• The operation of the aircraft or drone must not endanger anyone or anything
  • The aircraft must be kept within the visual line of sight (within 500 metres horizontally and 400 ft vertically) of its remote pilot (i.e. the ‘person in charge’ of it).

As a comparison, the London Eye is 443ft, Blackpool Tower is 518ft and the Spinnaker Tower on the Portsmouth waterfront 560ft. Of course, drones must be kept well away from all structures, as well as built-up areas in general, but if you can visualize any of these landmarks then you know that you need to keep well below their highest point. Of course, manned aircraft can fly lower than 400ft, particularly helicopters, so it is vital you still keep a good lookout. Operations beyond these distances must be approved by the CAA.

 

If the aircraft/drone is fitted with a camera or used for surveillance then the aircraft must not be flown:

  • over or within 150 metres of any congested area
  • over or within 150 metres of an organised open-air assembly of more than 1,000 persons;
  • within 50 metres of any vessel, vehicle or structure which is not under the control of the person in charge of the aircraft
  • within 50 metres of any person except during take-off or landing, the aircraft must not be flown within 30 metres of any person except for the person in charge of the aircraft or any person under control of the pilot or designated observer.

Careful note should be taken that the collection of images of identifiable individuals, even inadvertently, when using surveillance cameras mounted on a small unmanned surveillance aircraft, will be subject to the Data Protection Act. As this Act contains requirements concerning the collection, storage and use of such images, Small Unmanned Aircraft operators should ensure that they are complying with any such applicable requirements or exemptions. Further information about the Data Protection Act and the circumstances in which it applies can be obtained from the Information Commissioner’s Office and website: www.ico.org.uk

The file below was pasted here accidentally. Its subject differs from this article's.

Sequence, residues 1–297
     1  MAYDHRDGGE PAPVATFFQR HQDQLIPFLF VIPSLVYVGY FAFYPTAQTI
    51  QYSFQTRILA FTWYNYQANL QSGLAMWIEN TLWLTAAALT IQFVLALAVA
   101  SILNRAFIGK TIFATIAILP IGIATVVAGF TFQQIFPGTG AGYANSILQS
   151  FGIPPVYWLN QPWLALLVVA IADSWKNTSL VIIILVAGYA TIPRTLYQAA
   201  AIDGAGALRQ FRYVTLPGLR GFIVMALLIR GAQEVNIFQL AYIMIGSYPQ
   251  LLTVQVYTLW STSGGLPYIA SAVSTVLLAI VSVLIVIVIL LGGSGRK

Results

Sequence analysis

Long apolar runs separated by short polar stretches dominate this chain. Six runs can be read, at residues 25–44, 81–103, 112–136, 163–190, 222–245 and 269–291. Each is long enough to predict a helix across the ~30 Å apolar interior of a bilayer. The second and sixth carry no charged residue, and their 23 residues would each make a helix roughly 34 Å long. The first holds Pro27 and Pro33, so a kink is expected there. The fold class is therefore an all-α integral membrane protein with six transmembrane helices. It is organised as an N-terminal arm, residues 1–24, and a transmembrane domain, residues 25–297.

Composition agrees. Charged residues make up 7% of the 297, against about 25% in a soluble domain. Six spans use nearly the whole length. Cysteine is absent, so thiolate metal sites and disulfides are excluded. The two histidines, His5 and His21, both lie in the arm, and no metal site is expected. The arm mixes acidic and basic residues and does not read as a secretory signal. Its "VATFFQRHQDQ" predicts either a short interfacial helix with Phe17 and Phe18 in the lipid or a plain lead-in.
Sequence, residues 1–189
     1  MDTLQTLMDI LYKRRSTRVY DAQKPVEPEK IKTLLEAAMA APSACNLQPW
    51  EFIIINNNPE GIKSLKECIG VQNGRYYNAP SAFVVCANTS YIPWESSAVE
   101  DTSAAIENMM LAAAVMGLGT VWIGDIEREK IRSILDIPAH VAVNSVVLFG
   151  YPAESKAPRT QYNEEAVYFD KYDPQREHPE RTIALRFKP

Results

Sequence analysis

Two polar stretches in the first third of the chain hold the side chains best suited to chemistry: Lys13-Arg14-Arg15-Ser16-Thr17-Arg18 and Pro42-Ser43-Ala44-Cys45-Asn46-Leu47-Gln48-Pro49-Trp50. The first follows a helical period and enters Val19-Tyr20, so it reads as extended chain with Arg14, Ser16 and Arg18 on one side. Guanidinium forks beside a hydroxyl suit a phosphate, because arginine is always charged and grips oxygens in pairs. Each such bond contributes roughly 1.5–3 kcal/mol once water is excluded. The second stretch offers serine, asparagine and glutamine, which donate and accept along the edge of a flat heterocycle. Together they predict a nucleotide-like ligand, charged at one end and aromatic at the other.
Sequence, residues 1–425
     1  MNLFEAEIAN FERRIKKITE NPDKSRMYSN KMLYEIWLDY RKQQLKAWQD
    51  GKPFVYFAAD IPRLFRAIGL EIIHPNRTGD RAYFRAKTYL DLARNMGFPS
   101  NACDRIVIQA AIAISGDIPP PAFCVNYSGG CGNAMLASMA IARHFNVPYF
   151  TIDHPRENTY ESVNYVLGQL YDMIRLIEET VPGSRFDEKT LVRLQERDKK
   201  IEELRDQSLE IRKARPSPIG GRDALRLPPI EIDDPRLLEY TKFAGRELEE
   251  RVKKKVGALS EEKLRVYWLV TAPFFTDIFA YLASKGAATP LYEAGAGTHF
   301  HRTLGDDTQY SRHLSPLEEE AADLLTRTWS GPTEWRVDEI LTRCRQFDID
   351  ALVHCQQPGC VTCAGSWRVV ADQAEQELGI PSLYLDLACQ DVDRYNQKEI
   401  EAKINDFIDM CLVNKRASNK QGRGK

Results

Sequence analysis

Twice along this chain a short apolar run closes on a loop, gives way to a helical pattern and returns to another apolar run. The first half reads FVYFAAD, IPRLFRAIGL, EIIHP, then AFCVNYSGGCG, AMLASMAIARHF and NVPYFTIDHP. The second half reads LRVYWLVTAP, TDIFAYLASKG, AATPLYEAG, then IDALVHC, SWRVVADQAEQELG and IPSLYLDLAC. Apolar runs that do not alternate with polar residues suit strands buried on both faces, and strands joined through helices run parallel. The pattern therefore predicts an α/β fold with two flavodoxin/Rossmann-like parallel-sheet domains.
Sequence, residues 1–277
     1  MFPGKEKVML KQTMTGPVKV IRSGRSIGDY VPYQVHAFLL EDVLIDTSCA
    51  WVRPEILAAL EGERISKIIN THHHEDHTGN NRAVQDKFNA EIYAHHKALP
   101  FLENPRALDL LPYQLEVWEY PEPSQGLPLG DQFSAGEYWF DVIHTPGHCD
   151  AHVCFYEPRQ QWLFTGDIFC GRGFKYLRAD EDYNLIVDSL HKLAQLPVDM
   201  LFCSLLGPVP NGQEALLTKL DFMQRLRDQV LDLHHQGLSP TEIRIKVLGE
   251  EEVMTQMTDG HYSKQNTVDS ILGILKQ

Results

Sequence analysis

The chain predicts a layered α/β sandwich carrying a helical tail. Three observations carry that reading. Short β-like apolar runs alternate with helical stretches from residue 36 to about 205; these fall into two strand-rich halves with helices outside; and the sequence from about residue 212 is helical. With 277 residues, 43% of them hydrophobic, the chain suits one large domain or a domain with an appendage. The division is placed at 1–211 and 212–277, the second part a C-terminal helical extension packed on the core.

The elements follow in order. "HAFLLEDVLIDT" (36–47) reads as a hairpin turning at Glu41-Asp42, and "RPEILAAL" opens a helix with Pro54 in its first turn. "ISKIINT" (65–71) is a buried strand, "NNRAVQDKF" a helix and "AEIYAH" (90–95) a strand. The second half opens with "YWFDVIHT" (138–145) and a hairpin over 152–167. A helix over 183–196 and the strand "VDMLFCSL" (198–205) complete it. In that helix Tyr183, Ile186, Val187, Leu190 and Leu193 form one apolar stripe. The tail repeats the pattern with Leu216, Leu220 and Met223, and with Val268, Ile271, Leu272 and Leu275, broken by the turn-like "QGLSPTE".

Do Estate Agents Need a Licence or Permission to Take Aerial Photographs with a Drone (even if they don’t charge extra)?

By | UK Drone Legalities | No Comments

Many Estate Agents believe that if they buy and operate their own drone to take aerial photographs to help sell properties; don’t need licences or permission from the Civil Aviation Authority, because they are not charging anyone for the service. This would only apply if they were not charging their clients for selling their property and Hovershotz are not aware of any UK Estate Agent who offers their services to sell a property for free. The specific definition from the CAA regarding whether their permission for aerial work is required ‘is if the drone photographer is operating for financial gain, consideration or remuneration’ – this would include (as in the case of estate agents) if the aerial drone photograph helps sell the house (even if the estate agent did not make a specific charge for that photo) or even if you were filming a biscuit factory from the air and they gave you a free packet of biscuits as way of thanks

The fines for operating a drone commercially in the UK without Civil Aviation Authority Permission for Aerial Work (CAA PFAW), is a fine of up to £5,000 and confiscation of the drone. This also applies to any company hiring a drone company who do not hold a current CAA PFAW and the necessary insurance. It’s relatively easy to fall foul of the law and face prosecution, as all estate agents post pictures online of the properties for sale, so any image captured illegally is easily spotted. There are many whistle blowers out their trawling the internet and reporting unlicenced drone operators to the authorities.

So for any estate agent going it alone’ and buying their own drone for aerial photography of properties, they will have to secure the agreement of the Civil Aviation Authority and gain obtain appropriate insurance.

This doesn’t just apply to Estate Agents (we chose Estate Agents as we know of a handful who were operating a drone to photograph properties unaware that they were doing so illegally), it applies to any business or individual operating a drone for financial consideration.